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Making sense of small wind turbine comparisons.

Comparing small wind turbines can be tricky without an understanding of exactly what affects the amount of energy they produce.

This short guide explains a few important differences between the recent comparisons made between a Gaia-Wind 133 turbine and its nearest competitor.

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Is A Gaia-Wind Small Wind Turbine Right For Me?

When it comes to small wind turbines, bigger blades are better!

The best way of comparing two small wind turbines is to first look at the most obvious comparison – size. More specifically look at the size of the rotors.  The technical term applied to the rotors is called the ‘swept area’, which literally means the size of the area ‘swept’ by the blades as they turn.

The bigger the rotor, the more wind it captures and therefore the more energy it generates. The relationship between swept area and output is linear, so (all other things being equal) if you double the swept area of a turbine you get double the output. The Gaia on the one hand has a swept area of 133m2 and its main competitor’s is 63.6m2 and in fact the same applies to all of Gaia-Wind’s competitors in the 5-20kW range.

Quite simply, the Gaia-Wind small wind turbine has a much bigger swept area and produces more power as a result.

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The Rated Power Myth

Unfortunately, it has become common for wind turbines to be compared by looking at their maximum power output or ‘rated power’ in kilowatts (kW). The problem with this is that many manufacturers rate their products at very high wind speeds (usually 12m/s or more). This means that the turbine will only produce its rated power when the wind is blowing very hard – which is not that often.

It makes a lot more sense to see how much power a turbine will generate in the kind of wind speeds that are frequent in most parts of the UK – in the range of 4 – 9m/s. Because these lower speeds are much more common, a turbine that performs well in them will generate much more energy over the course of a year than one that performs best in the 10 – 15m/s range.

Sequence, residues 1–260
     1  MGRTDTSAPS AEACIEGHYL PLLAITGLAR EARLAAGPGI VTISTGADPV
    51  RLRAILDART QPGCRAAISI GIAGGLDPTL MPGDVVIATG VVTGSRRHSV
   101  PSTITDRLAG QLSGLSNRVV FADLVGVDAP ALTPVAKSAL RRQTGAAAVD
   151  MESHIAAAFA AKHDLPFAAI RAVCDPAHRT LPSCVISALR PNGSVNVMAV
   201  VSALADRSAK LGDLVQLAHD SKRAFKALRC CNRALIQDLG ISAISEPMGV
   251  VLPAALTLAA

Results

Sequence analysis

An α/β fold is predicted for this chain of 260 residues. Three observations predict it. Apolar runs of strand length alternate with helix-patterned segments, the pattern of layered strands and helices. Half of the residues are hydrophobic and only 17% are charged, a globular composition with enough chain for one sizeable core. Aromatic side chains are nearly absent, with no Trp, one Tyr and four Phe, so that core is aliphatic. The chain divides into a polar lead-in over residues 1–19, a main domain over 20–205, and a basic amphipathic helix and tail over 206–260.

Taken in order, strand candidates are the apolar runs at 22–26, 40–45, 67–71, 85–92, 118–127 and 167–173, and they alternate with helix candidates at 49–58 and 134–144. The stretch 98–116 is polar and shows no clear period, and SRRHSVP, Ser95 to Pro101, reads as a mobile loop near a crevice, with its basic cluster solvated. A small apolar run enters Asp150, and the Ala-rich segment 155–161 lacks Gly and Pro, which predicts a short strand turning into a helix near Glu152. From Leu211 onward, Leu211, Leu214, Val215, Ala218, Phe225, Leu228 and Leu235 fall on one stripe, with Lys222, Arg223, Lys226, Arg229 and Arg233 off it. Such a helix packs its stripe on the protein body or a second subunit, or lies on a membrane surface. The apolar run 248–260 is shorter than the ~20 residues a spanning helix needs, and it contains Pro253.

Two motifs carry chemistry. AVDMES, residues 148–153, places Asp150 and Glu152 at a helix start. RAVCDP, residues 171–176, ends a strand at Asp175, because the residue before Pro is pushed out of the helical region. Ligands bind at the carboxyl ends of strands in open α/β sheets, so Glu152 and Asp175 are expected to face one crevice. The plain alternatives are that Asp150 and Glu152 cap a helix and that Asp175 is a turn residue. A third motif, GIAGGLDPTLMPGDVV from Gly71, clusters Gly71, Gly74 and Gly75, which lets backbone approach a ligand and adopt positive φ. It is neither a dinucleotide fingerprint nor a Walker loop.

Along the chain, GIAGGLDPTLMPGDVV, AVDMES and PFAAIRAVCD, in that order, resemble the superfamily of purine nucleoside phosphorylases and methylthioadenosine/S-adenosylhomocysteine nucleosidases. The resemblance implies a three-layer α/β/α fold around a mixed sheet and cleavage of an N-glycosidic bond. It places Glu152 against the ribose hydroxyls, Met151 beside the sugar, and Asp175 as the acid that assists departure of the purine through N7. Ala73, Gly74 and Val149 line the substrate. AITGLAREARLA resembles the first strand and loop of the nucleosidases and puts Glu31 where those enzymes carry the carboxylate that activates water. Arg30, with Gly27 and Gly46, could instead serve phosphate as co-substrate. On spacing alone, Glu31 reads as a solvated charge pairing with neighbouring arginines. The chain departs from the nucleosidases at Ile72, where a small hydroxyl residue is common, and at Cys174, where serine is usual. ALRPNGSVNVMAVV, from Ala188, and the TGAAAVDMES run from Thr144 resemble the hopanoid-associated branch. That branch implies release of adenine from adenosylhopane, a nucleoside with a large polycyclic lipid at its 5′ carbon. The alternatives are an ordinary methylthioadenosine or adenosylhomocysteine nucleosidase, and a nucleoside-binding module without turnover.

Tower Height

Also critical to performance is the height above the ground. Many small wind turbines are supplied on a 15m tower, whereas as a Gaia-Wind 133-11kW is typically supplied on an 18m tower, where the energy in the wind is 10% higher.

Annual Energy Capture

So how much electricity could you expect a Gaia-Wind turbine to generate per annum against the competition?  Lots of different factors influence energy capture, but it is possible to estimate and make a rough comparison. Evidence has shown that on a site with an average wind speed of 4.3m/s at 10m height, a Gaia-Wind 133-11kW should outperform its nearest competitor by about 20%. Assuming an electricity price of 10p per unit, this translates to approximately an extra £1,800 per year including the new feed-in tariff proposed by the Government.

What can I do now?

You can either arrange a site survey or place an order and see if you can benefit from a Gaia-Wind small wind turbine.

If you have a question or require more information please contact Gaia-Wind on  +44 (0) 845 871 4242 or by emailing us.

Gaia-Wind 133 turbine

  • High energy yield
  • Feed in tariff eligible
  • Reliable
  • Safe
  • Quiet
  • Clean energy

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Better value small wind turbines

Gaia-Wind small wind turbines really do generate better value for you. The Gaia-Wind 133 turbine is the best performing small wind turbine in its class by a significant margin.

Take a look for yourself

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Make sense of turbine comparisons

Comparing small wind turbines can be tricky without an understanding of exactly what affects the amount of energy they produce. This short guide explains a few important differences.

Read why Gaia-Wind comes out on top

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Generate additional income from tariffs and incentives

Tariffs and incentives vary the world over. The UK Government operate a Feed in Tariff of 26.7p per kWhr while in the USA rebates and incentives are developed locally and vary in nature.

Generate more income with Gaia-Wind